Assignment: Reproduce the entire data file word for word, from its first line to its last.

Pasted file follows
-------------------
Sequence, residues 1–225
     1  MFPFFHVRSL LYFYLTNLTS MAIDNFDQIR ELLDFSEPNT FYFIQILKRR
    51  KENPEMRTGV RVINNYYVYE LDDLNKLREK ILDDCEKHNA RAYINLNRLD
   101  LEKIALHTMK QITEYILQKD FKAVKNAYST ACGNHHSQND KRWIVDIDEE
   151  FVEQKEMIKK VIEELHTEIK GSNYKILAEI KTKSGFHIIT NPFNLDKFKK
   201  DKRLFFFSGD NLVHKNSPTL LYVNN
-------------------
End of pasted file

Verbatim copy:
Sequence, residues 1–225
     1  MFPFFHVRSL LYFYLTNLTS MAIDNFDQIR ELLDFSEPNT FYFIQILKRR
    51  KENPEMRTGV RVINNYYVYE LDDLNKLREK ILDDCEKHNA RAYINLNRLD
   101  LEKIALHTMK QITEYILQKD FKAVKNAYST ACGNHHSQND KRWIVDIDEE
   151  FVEQKEMIKK VIEELHTEIK GSNYKILAEI KTKSGFHIIT NPFNLDKFKK
   201  DKRLFFFSGD NLVHKNSPTL LYVNN